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Iran won't crack

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Let's start sledgehammer style. Iran won't crack. Iran won't crack. Iran won't crack.

No sledgehammer, though, is likely to perforate the limitless fog of delusion hovering over a US elite that a relentless propaganda campaign tries to sell as "the international community."

See, for instance, this bland op-ed, where we discover that "the international community is now on watch for cracks in Iran's defiant stance: Will increased sanctions compel Tehran to make real concessions and allow for a diplomatic solution to the standoff?"

Here's your short answer: No.

For starters, the "international community" is not the NATOGCC compound plus Israel. Not only the BRICS group of emerging powers but also de 110-plus members of the Non-Aligned Movement (NAM) -- that is, the absolute majority of a de facto "international community" -- are appalled at how Iran has been treated as a pariah in its negotiations with the P5+1, the five permanent members of the UN Security Council plus Germany.


The piece goes on, noting that "the Iranians didn't seize the opportunity" to essentially submit to Washington's roll-over-and-die brand of diplomacy on show at the nuclear negotiations. "Instead, they demanded recognition of their right to enrich." Of course they have the right to enrich uranium -- as subscribers of the nuclear Non-Proliferation Treaty (NPT).

What makes this op-ed noticeable is that it was not written by a rabid neocon. The author is "an international affairs professor at Harvard University's Kennedy School, a former deputy national security advisor and a fellow at the Council on Foreign Relations." If this is a measure of the level of intellectual debate prevalent in the revolving door between academia, punditry and policymaking, US elites can't help seeing the future as worse than the Black Death.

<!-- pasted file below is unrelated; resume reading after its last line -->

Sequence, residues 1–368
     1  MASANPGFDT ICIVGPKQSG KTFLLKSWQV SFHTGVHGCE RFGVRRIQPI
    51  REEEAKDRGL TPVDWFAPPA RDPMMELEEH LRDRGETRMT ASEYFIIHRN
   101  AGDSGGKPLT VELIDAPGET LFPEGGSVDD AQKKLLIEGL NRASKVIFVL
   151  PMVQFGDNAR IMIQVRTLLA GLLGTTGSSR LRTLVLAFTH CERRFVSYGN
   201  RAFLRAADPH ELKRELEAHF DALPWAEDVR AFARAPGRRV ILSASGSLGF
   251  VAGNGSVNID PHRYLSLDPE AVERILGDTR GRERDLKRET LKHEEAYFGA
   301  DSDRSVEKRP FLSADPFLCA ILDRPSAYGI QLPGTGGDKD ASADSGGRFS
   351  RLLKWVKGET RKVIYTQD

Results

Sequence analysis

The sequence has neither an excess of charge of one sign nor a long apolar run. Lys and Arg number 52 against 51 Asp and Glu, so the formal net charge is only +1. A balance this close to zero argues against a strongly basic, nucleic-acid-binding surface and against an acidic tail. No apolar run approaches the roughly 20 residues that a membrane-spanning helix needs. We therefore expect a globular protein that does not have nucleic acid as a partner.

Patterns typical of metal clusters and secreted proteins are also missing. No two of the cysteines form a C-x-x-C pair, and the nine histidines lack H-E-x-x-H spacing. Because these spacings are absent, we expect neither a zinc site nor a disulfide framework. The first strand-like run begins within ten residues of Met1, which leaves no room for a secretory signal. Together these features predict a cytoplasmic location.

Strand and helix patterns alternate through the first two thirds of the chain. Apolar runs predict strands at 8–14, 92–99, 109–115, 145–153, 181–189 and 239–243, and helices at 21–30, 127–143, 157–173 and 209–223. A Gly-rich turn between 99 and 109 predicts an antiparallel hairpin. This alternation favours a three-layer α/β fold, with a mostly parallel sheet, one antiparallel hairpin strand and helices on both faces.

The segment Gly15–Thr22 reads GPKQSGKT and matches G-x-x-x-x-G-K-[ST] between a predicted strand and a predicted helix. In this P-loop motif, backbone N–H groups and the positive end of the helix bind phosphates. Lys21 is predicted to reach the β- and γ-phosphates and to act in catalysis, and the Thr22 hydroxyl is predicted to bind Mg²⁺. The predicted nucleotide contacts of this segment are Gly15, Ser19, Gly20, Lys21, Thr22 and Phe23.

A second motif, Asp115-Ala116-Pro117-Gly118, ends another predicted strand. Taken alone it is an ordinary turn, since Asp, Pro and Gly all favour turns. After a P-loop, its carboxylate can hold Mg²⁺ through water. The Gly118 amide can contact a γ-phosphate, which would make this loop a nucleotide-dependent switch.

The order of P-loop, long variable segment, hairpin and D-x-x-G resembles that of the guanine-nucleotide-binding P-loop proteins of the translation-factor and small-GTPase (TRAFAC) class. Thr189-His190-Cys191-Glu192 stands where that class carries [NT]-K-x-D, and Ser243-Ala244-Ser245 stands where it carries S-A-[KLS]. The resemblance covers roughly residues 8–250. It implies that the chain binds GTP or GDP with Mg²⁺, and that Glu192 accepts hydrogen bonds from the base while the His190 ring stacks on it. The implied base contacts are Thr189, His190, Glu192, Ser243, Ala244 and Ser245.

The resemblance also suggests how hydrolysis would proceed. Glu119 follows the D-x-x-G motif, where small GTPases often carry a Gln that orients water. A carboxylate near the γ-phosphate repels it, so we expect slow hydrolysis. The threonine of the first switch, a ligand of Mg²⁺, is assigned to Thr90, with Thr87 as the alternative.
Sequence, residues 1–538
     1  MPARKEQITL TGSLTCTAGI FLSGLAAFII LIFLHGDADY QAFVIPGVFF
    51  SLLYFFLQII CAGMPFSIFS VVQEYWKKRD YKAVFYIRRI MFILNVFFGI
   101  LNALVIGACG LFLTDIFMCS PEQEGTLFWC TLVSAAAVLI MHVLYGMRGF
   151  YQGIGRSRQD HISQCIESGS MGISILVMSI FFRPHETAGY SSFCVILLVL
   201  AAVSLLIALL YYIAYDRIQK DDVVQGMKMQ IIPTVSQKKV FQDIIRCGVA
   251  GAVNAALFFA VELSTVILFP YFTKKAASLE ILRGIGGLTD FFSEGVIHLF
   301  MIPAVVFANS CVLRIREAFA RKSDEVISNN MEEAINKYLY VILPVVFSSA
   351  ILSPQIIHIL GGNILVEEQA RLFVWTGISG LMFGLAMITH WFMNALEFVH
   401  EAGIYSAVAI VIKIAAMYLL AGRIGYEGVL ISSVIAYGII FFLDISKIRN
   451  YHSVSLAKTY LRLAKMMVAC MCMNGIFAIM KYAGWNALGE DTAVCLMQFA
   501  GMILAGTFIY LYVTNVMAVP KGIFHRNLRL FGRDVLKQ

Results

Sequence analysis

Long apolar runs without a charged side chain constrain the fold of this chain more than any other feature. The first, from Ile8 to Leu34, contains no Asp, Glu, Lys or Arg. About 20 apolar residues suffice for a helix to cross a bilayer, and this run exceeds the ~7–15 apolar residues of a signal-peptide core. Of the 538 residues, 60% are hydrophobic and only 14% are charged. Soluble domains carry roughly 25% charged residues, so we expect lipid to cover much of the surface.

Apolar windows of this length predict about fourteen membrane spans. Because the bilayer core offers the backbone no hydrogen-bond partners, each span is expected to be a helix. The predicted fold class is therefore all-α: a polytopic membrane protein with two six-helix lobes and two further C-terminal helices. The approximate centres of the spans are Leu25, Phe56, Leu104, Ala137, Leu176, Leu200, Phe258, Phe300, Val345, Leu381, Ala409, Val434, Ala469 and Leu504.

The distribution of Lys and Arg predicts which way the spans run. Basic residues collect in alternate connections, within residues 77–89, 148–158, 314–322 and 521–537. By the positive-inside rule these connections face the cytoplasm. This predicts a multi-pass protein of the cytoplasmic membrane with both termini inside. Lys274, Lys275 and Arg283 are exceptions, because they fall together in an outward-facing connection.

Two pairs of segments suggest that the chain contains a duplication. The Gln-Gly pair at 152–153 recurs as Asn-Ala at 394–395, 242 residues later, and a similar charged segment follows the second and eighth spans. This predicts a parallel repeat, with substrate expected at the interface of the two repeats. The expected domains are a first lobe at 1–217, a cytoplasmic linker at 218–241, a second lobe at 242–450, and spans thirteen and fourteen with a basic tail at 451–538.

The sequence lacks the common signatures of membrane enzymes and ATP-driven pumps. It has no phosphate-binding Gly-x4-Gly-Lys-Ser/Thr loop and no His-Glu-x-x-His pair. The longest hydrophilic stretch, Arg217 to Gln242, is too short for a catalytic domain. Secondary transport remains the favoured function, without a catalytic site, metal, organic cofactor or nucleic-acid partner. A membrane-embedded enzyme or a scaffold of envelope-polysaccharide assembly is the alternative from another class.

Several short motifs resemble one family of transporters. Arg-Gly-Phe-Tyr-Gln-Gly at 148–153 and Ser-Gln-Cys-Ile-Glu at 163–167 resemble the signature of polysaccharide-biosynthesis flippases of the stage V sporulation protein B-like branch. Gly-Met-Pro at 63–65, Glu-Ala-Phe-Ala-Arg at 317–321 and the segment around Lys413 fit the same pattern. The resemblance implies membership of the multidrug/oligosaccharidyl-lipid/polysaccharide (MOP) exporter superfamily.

Watch your step

Now for the real world -- where facts collide.

Russia favors a "step-by-step approach" in the ongoing nuclear negotiations. This means Iran would gradually increase cooperation with the International Atomic Energy Agency and, in return, sanctions are gradually revoked.

Take a long hard look at this document, leaked earlier this week by Iran's mission to the UN. It contains the essence of the Iranian position, calling for a "long-term cooperation" that would finally demolish the wall of mistrust erected between the US and Iran since 1979.

Every informed observer and participant knows this interminable geopolitical drama goes way beyond Iran's nuclear dossier. But a solution has to start somewhere -- and the "somewhere" is the recognition of Iran's right to enrich uranium, and then the progressive easing of sanctions.

It's exactly the rational "step-by-step approach" favored by Moscow. The next-to-final step would be "a comprehensive agreement on collective commitments in the areas of economic, political, security and international cooperation."

This means recognizing Iran's sovereignty and rights -- instead of demonizing and punishing it because the NATOGCC compound plus Israel abhors/fears a Shi'ite majority Islamic Republic.

It does not take a cushy job at the Kennedy School of Government to see Washington's response will be a resounding "no." Washington, London, Paris and Berlin -- but not Moscow and Beijing -- will prevent the negotiations going anywhere without Iran abdicating from uranium enrichment.

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Pepe Escobar is the roving correspondent for Asia Times. His regular column, "The Roving Eye," is widely read. He is an analyst for the online news channel Real News, the roving correspondent for Asia Times/Hong Kong, an analyst for RT and (more...)
 

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I think that your articles are just about the most... by Timothy Gatto on Sunday, Jul 8, 2012 at 10:31:58 PM
The most sensible decision for the Administration ... by Ed Dingilian on Sunday, Jul 8, 2012 at 11:59:57 PM
Negociation is a great idea but do you think the U... by Marika on Monday, Jul 9, 2012 at 8:45:50 AM
There is only one possible outcome if this country... by Robert P. Philipps on Monday, Jul 9, 2012 at 5:01:31 PM